You know that fellow I mentioned in previous blog posts? The boyfriend who graciously tasted all of my new recipes and said they were good even when they definitely could have used a couple more practice runs? The fiancé who braved a blizzard so that I could check off a “must visit” restaurant from my list on Valentine’s Day? Well, I was lucky enough to seal the deal with that hunk on September 10, 2016.
Just when the thrill of our engagement started to settle in, mysterious and alluring packages from our wedding registry started to arrive on our doorstep. As a lady who has dreamt more of wielding that all-powerful registry gun than the color of the roses in the centerpieces, I squealed for joy in an embarrassing way when our first set of serving platters arrived.
The Kitchen Aid mixer I’ve lusted after since the ripe old age of six; our dear Louisville friends banded together to make it a reality! The Vitamix blender that’s so powerful it vibrates everything on my kitchen counter when I crank it up to full speed; thanks Gramps and Grams! The Wusthof knives I cut myself with no less than three times the day I opened them; you’re too generous Aunt Louise and Uncle Val! And David was kind enough to feign excitement even as he struggled to close our kitchen cabinets due the generosity of the people we love most.
It seems like every time I turn on Food Network one of my idols is doing serious work on a humongous wood cutting board. I’ve always admired these beasts for their handsome appearance, and I assumed I would absolutely need one to do all of my slicing and dicing if I was ever going to join the ranks of my heroes, Ina Garten and Geoffrey Zakarian. Thank goodness the wedding rolled around because now my tiny apartment kitchen boasts two. TWO heavy duty, totally boss cutting boards that make the most satisfying noise when you press a piece of honed steal into them.
I immediately put my new cutting boards to the test; they were the first and last stops for every meal I prepared. Not only did they look fly, they also made me feel like a pro. Fast forward a couple of weeks and let’s just say I felt less like a pro when I realized they were starting to smell simultaneously of garlic and pineapple and needed a good cleaning. I did my thing the way I normally do. A little water to rinse away the debris, some baking soda to scrub and clean, and a healthy dose of lemon juice to deodorize. Works like a charm every time. The next part is where I ran into trouble. I knew that wood cutting boards and utensils need to be oiled to keep them moisturized and prevent them from cracking. I slathered on some organic canola oil and propped the cutting board up to dry overnight.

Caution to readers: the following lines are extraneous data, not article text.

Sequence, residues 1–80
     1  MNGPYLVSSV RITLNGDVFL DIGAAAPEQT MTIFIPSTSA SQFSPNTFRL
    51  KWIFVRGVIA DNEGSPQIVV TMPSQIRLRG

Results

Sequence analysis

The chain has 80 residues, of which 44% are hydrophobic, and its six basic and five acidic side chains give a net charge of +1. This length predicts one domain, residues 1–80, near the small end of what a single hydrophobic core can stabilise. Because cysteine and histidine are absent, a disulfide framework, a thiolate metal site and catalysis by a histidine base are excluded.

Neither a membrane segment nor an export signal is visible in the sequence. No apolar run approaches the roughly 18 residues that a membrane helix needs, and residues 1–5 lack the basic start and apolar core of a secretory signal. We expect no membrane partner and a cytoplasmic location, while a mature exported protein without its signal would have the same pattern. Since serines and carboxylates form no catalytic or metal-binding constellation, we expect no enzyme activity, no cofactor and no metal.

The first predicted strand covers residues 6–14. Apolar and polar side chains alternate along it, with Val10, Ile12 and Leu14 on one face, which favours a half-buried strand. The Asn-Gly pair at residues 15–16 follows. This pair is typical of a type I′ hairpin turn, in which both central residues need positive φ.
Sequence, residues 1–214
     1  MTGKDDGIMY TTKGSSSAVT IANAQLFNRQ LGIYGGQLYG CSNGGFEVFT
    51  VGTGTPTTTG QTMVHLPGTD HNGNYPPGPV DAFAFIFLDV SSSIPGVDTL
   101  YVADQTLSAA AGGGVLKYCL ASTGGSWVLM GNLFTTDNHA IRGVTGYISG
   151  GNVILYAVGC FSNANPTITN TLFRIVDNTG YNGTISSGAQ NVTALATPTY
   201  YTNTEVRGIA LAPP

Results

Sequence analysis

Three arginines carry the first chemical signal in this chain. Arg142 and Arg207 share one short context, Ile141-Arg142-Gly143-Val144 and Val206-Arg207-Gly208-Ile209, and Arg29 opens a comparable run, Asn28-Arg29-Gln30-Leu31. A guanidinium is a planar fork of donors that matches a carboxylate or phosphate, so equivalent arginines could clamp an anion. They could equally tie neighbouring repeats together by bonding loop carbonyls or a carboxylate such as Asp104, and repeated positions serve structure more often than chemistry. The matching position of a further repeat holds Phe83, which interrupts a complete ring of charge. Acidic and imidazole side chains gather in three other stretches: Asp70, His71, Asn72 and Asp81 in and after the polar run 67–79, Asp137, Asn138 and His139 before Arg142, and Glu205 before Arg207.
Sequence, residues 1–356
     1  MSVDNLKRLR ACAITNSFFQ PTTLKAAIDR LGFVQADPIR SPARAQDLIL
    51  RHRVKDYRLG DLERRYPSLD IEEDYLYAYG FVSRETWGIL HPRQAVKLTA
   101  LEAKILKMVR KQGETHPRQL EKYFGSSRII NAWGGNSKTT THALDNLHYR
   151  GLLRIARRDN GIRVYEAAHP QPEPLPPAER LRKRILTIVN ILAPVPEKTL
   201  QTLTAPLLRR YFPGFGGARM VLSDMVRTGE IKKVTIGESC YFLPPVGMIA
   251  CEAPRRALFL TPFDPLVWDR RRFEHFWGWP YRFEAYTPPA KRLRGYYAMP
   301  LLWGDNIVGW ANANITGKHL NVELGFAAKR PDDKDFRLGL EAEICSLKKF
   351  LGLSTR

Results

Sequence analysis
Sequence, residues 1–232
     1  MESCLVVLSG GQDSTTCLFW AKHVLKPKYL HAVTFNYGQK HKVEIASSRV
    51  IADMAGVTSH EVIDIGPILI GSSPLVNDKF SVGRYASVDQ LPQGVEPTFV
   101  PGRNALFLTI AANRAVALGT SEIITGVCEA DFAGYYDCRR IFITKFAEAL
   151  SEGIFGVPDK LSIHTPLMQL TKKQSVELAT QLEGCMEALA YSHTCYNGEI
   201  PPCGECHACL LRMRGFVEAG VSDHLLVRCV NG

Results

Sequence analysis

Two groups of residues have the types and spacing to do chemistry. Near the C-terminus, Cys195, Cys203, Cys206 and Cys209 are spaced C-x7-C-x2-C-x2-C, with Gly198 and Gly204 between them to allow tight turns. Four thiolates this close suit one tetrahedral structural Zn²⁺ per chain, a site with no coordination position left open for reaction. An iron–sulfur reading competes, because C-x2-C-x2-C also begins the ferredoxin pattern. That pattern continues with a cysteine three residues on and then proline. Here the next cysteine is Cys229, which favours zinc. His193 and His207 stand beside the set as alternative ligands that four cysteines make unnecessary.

Big mistake. Huuuuge. The next morning my cutting board was discolored and, if you can believe it, smelled worse than the pineapple-garlic potpourri that was infusing my kitchen previously. After a little research, I scrounged up a remedy and set my most hard-working kitchen accessory back right.
If you’ve got a wood cutting board around, listen up! I don’t want you repeating my amateur mistakes. Learn how to care for your pieces simply and easily so you and your cutting boards are both well oiled, kitchen machines.
Rinse any food debris from your cutting board with warm water.
Place your wood cutting board flat on a sturdy surface. I propped mine up over the sink.
Sprinkle the surface liberally with baking soda.
Squeeze a half of a lemon over the baking soda. You’ll notice the mixtures starts to bubble up; that’s a good sign it’s getting clean and neutralizing the funky stuff left behind on your cutting board.
Use the cut side of the lemon to scrub the board in a circular motion. It’s gentle and imparts more of the lemon essence on your board. Don’t worry, the smell and taste of lemon doesn’t stick around and impart its flavor on your subsequent meals.
Rinse the board with warm tap water and wipe dry with a paper towel or dish towel.
Let dry about an hour.
Once the cutting board no longer feels moist to the touch, drizzle about a tablespoon of oil on the wood surface. Rub the oil into the board using a paper towel or a kitchen towel. Important note (as confessed above): the oil you use is IMPORTANT! I recommend going to a home goods supply store and picking up a bottle of oil specifically designated for wood cutting boards. It’s about five to ten bucks and lasts forever; plus, you’ll rest easy knowing you’ve got the right stuff for the job. If you don’t want to invest in cutting board oil and have some mineral or coconut oil lying around, feel free to use it. DO NOT USE OLIVE, CANOLA, OR VEGETABLE OILS as they spoil and will result in discoloration and odor in your board!
Prop the cutting board up and allow it to dry overnight.
Repeat this process monthly. Use warm, soapy water to clean your cutting board in between oilings.
*A note about plastic cutting boards: I use them all the time too. They require less maintenance in the short run, but don’t hold up nearly as long as a wood piece. I usually keep a large plastic cutting board around for meat and replace it quarterly, or when you start to notice deep cuts and/or discoloration on the surface. When you start to notice these signs, it’s a pretty good indicator you’re no longer getting them clean. Pitch ‘em and grab a new set; they’re relatively inexpensive. And remember, it’s always a good idea to use different boards for meat and fresh produce. I use my wood cutting boards for fruits and veggies, and my plastic ones for meat and other animal products. Keep them separate and you won’t have to worry about any pesky, meat critters sticking around and winding up in your fruit salad.